(Background note: Since the NC Plan Review working groups submitted their recommendations to the Commission, new developments have brought to focus the issues of discrimination, harassment, and sexism. As of October 2013, the City Council’s Education and Neighborhoods Committee has been conducting hearings on a motion which asks the Department of Neighborhood Empowerment (Department) to investigate allegations of discrimination and harassment at a particular Neighborhood Council. Additionally, the motion instructs the Department to report on implementing a training program which would address these types of issues going into the future, and which would be required for all board members. The full text of the motion can be found in Council File: 11-1017-S1 at LAcouncilFile.com.)
(Additional background note: Current Department of Neighborhood Empowerment policy already requires Neighborhood Council board members to complete Ethics and Funding training. The Department also offers leadership training classes covering most of the topics identified. The Plan Review Committees were aware of the current policy and chose to reinforce the requirements by including them in their recommendation while at the same time proposing new additions.)
(Additional background note: If adopted, the “not to exceed 90 days” requirement and accompanying consequence would constitute a new policy.)
3) Early Notification System
“An Early Notification System be established by each city department, commission, and the City Council, and its committees to provide Neighborhood Councils with a minimum of 60 days notice of any proposed action.
For any proposed ballot measure or ordinance Neighborhood Councils must receive at least 60 days notice.”
(Background note: The Los Angeles City Charter Sec. 907 establishes an Early Warning System stating that “… Regulations shall establish procedures for receiving input from neighborhood councils prior to decisions by the City Council, City Council Committees and boards and commissions. The procedures shall include, but need not be limited to, notice to neighborhood councils as soon as practical, and a reasonable opportunity to provide input before decisions are made….”)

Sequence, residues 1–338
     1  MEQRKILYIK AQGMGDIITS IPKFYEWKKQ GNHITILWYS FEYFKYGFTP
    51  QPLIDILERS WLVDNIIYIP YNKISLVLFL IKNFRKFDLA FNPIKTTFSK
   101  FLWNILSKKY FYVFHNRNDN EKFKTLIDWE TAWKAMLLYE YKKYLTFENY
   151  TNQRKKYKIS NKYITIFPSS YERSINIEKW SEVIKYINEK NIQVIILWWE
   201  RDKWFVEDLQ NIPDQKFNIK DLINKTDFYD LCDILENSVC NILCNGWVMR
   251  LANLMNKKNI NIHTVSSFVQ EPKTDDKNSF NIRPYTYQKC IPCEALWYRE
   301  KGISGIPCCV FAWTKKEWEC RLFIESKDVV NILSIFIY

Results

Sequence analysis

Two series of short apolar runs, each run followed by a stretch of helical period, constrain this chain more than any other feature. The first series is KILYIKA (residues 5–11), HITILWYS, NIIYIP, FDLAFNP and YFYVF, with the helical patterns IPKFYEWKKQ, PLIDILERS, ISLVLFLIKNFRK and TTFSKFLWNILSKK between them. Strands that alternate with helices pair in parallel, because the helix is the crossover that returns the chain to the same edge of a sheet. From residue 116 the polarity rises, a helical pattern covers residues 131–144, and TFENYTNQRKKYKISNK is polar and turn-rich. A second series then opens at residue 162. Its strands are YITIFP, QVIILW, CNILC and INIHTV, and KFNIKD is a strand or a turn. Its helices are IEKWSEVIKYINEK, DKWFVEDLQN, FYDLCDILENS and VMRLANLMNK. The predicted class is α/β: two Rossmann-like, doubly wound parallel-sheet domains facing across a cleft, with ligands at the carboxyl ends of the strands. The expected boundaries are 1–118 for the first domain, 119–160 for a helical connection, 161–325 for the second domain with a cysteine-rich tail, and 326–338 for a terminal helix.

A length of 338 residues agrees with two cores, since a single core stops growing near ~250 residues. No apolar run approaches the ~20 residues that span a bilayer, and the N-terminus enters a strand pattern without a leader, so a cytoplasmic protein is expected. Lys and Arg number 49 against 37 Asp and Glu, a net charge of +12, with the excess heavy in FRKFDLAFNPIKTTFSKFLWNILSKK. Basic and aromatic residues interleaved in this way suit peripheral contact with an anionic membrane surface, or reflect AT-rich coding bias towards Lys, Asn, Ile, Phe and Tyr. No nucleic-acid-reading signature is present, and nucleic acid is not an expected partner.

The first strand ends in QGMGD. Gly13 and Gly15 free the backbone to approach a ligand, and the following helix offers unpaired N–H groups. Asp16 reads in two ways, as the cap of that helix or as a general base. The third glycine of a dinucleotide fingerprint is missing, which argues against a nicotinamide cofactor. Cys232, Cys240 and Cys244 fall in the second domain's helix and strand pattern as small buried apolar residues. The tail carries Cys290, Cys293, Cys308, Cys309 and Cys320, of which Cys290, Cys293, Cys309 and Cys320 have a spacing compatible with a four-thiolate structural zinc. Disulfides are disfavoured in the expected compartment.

(Additional background note: While some proposed legislation may take many months to move through City Council before becoming law, some items are introduced and passed into law within days. When items move rapidly through City Council, Neighborhood Councils do not have sufficient time to agendize the item and issue an official statement. Based on their volunteer capacity, most Neighborhood Councils are able to have full board meetings once a month.)
4) Initiation of Council files
“Neighborhood Councils should have the right to open Council files. No Neighborhood Council board member shall be required to file a financial disclosure form for a Neighborhood Council to open a Council file. There shall be no limit on the number of Council files that a Neighborhood Council may open each year.”
(Background note: Currently, Council files are initiated either by a City Council Motion or when a City department submits a report to Council. In 2009, City Council adopted a two-year pilot project whereby Neighborhood Councils (with the support of a fellow Neighborhood Council) could create up to three new Council Files per calendar year, provided that board members submitted individual financial disclosure forms. The pilot project expired with no Neighborhood Council having participated in it. For more details, see Council File 08-0351 at LAcouncilFile.com.)
5) Review of delivery of City services
“The Board of Neighborhood Commissioners, with the aid and advice of citywide Neighborhood Councils, will adopt policies establishing best practices for monitoring the delivery of City services.”
(Background note: Los Angeles City Charter Sec. 910 states that, “Neighborhood Councils shall monitor the delivery of City services in their respective areas and have periodic meetings with responsible officials of City departments, subject to their reasonable availability.”)
6) Community Impact Statements